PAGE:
A post in honor of David Guttmann, whose thoughtful question motivated me to finally commit these ideas to writing.
It is well known that the commandments of the Torah are traditionally divided into two categories, "Hukkim" and "Mishpatim". Mitsvot that regulate social behavior and whose benefit to society is obvious are termed "Mishpatim". Examples of this include laws against theft and murder. By contrast, "Hukkim" are mitsvot whose purpose is not so easy to divine, such as laws against wearing wool and linen together or eating non-kosher foods.
On the surface, it is difficult to understand why this method of classification is justified. Does it make sense to categorize commandments simply based on whether we can provide a logical explanation for them or not? Isn't there a more meaningful criterion to use for grouping the mitsvot?
The Rambam, at the end of Hilchot Meilah, presents a lengthy discussion of the distinction between hukkim and mishpatim:
It is proper for a person to contemplate the laws of the Holy Torah and to grasp their purpose according to his ability. And something for which he cannot find a reason and he does not know a cause - it should not be light in his eyes...And his thinking about it should not be like his thinking regarding mundane matters. Look at how strict the Torah was with meilah (misappropriating items that were designated for the Temple.) Sticks, stones, dirt and ashes, once they had the name of the Master of the World called upon them, with words alone they become consecrated - and anyone who treats them as mundane commits sacrilege and even if he sins inadvertently, he requires atonement. How much more so a commandment that the Holy One, Blessed is He formulated for us...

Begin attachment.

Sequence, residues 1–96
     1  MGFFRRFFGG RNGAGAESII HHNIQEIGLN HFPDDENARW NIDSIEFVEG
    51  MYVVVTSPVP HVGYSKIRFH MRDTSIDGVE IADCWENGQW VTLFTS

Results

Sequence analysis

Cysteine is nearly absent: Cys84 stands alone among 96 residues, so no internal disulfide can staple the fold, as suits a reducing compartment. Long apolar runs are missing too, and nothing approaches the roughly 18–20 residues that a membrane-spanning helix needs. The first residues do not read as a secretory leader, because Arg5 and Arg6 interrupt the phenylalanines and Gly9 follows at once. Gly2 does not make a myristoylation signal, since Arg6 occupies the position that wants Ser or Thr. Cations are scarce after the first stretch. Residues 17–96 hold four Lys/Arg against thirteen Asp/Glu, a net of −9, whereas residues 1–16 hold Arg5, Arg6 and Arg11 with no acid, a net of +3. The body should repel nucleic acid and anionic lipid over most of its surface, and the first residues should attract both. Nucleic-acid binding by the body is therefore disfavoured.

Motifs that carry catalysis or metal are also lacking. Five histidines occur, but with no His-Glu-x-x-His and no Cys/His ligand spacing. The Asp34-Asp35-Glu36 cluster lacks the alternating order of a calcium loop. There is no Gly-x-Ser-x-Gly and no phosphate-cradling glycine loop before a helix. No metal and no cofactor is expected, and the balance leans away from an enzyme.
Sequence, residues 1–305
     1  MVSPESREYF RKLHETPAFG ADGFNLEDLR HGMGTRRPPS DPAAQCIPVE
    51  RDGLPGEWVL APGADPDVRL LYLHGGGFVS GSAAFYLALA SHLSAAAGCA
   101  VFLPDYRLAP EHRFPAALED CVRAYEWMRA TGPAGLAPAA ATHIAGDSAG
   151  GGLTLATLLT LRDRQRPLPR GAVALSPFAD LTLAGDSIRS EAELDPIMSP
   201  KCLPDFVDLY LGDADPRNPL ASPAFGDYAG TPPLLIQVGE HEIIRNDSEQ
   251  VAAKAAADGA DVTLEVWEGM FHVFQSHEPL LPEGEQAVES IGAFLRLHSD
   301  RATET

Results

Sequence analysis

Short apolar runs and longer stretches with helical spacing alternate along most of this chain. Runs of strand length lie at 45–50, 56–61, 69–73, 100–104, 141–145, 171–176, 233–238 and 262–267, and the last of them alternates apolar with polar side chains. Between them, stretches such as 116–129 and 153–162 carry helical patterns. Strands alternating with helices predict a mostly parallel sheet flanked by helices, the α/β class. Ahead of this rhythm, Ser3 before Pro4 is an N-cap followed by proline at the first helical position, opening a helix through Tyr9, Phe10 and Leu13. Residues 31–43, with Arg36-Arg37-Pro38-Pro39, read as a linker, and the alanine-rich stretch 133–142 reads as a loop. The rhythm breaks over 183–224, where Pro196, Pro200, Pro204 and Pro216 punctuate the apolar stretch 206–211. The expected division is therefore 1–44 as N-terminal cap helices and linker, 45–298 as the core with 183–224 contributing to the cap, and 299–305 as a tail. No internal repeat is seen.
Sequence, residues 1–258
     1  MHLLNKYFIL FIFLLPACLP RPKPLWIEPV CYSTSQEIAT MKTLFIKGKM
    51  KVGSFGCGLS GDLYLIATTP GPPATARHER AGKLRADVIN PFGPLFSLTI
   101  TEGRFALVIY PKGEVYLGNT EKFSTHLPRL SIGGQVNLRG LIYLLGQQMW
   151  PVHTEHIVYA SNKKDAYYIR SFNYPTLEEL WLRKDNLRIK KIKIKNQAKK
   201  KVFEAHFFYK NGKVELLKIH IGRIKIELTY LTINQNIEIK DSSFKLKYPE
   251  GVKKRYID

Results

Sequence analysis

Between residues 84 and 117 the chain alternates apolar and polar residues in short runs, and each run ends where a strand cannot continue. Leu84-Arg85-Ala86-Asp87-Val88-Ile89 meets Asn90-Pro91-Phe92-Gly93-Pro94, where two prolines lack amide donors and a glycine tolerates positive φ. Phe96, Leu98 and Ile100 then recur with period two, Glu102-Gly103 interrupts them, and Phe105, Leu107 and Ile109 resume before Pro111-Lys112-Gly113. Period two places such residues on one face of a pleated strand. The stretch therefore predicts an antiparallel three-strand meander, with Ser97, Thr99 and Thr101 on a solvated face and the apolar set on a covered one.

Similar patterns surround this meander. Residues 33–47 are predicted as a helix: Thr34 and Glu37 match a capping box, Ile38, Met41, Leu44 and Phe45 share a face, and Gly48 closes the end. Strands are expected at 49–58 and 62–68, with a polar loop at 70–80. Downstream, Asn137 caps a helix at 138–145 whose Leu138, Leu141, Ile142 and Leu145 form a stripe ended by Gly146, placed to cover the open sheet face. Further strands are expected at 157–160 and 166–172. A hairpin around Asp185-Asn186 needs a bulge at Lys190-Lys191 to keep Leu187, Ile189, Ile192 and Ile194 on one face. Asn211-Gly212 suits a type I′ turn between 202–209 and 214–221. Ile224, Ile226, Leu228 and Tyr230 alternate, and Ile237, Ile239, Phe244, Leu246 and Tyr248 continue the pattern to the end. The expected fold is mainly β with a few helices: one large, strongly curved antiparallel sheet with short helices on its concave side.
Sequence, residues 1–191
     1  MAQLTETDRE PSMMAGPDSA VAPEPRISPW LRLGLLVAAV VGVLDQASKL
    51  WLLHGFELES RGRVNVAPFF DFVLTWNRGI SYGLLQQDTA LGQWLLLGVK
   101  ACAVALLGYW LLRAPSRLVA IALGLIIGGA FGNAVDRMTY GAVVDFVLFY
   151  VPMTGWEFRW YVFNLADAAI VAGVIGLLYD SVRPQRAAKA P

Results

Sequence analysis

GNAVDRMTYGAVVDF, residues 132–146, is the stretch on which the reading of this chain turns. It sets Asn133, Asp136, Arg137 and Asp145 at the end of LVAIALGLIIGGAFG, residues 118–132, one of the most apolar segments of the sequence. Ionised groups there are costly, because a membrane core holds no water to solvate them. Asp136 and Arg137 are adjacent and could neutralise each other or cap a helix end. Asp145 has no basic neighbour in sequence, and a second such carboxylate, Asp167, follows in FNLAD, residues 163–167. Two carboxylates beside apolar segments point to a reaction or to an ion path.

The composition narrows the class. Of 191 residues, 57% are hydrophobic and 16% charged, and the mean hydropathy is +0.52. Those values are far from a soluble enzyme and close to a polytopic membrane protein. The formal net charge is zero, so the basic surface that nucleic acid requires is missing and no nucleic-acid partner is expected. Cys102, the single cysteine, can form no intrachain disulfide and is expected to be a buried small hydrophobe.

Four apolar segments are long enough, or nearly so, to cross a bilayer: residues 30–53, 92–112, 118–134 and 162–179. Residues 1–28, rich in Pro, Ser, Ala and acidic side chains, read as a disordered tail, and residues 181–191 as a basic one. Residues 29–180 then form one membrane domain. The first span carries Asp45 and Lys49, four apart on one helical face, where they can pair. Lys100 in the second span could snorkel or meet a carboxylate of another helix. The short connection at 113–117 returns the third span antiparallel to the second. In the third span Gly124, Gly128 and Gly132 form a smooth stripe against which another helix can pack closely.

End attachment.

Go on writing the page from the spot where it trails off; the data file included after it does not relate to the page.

Behold, it says in the Torah, "And you shall keep all of My statutes (hukkim) and My ordinances (mishpatim) and do them" The Rabbis said that this verse commands "keeping" and "doing" for the hukkim and mishpatim. "Doing" is obvious - it means performing the hukkim. And "keeping" means being careful with them, and not imagining that they are less than the mishpatim. And mishpatim are the commandments whose reason is obvious and the benefit of their fulfillment in this world is known, such as the prohibitions of theft, murder, and the commandment to respect parents. And the hukkim are commandments whose reason is not obvious...
And the inclination of man resists them, and the nations of the world argue against them - like the prohibition of pork or meat and milk, the commandment of the decapitated calf, the red heifer and the scapegoat. King David was terribly distressed over the fact that the heretics and idolaters rejected the hukkim. And the more they chased after him with false arguments that they formulated according to the frailty of the human intellect, the more King David became attached to the Torah...